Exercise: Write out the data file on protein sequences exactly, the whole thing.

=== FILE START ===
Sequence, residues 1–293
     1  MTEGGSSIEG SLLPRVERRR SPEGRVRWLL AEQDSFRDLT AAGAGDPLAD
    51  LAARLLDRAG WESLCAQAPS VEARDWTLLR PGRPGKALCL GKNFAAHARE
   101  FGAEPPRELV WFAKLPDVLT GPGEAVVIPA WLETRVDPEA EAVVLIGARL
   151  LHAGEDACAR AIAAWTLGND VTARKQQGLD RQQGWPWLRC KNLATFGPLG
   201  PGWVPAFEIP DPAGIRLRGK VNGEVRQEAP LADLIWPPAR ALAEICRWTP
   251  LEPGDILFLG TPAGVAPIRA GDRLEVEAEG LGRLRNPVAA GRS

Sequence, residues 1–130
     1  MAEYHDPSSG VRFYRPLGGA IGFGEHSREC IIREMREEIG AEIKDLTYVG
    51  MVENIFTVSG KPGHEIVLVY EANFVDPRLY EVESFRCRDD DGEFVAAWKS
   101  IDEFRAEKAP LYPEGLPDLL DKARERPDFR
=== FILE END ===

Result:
Sequence, residues 1–293
     1  MTEGGSSIEG SLLPRVERRR SPEGRVRWLL AEQDSFRDLT AAGAGDPLAD
    51  LAARLLDRAG WESLCAQAPS VEARDWTLLR PGRPGKALCL GKNFAAHARE
   101  FGAEPPRELV WFAKLPDVLT GPGEAVVIPA WLETRVDPEA EAVVLIGARL
   151  LHAGEDACAR AIAAWTLGND VTARKQQGLD RQQGWPWLRC KNLATFGPLG
   201  PGWVPAFEIP DPAGIRLRGK VNGEVRQEAP LADLIWPPAR ALAEICRWTP
   251  LEPGDILFLG TPAGVAPIRA GDRLEVEAEG LGRLRNPVAA GRS

Sequence, residues 1–130
     1  MAEYHDPSSG VRFYRPLGGA IGFGEHSREC IIREMREEIG AEIKDLTYVG
    51  MVENIFTVSG KPGHEIVLVY EANFVDPRLY EVESFRCRDD DGEFVAAWKS
   101  IDEFRAEKAP LYPEGLPDLL DKARERPDFR